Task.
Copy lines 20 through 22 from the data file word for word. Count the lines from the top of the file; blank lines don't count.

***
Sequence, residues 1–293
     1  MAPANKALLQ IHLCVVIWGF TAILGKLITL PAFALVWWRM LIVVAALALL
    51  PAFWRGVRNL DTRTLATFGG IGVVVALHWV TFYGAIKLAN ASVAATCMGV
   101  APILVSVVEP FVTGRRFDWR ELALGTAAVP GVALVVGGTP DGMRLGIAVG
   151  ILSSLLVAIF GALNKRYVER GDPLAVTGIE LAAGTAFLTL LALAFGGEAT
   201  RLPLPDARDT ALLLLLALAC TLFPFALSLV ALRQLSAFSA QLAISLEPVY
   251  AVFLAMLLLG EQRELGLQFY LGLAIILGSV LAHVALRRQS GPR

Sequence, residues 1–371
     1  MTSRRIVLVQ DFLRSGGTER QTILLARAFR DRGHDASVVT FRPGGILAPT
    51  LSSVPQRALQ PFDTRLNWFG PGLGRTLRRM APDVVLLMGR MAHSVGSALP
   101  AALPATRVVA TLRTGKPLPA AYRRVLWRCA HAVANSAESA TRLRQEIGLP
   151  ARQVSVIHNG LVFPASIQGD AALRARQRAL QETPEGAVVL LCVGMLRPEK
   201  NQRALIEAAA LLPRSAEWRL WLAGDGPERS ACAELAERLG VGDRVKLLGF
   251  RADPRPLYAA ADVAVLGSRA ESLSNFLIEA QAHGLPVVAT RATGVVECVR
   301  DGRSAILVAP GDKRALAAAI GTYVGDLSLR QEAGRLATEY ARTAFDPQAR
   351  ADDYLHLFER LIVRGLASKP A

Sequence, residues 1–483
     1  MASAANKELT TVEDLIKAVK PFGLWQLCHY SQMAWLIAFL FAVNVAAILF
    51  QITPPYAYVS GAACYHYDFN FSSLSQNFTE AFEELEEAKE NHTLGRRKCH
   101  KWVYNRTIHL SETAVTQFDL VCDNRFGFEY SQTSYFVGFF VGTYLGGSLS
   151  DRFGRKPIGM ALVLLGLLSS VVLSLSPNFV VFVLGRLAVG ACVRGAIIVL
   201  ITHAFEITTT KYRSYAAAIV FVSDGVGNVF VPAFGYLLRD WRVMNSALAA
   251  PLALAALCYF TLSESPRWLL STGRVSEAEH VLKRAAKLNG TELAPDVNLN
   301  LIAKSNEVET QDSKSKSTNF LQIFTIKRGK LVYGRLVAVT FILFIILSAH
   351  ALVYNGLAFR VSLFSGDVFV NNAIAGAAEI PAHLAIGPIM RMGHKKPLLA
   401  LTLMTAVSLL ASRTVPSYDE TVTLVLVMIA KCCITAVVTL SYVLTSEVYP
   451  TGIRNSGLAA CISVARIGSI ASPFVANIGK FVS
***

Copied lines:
   101  KWVYNRTIHL SETAVTQFDL VCDNRFGFEY SQTSYFVGFF VGTYLGGSLS
   151  DRFGRKPIGM ALVLLGLLSS VVLSLSPNFV VFVLGRLAVG ACVRGAIIVL
   201  ITHAFEITTT KYRSYAAAIV FVSDGVGNVF VPAFGYLLRD WRVMNSALAA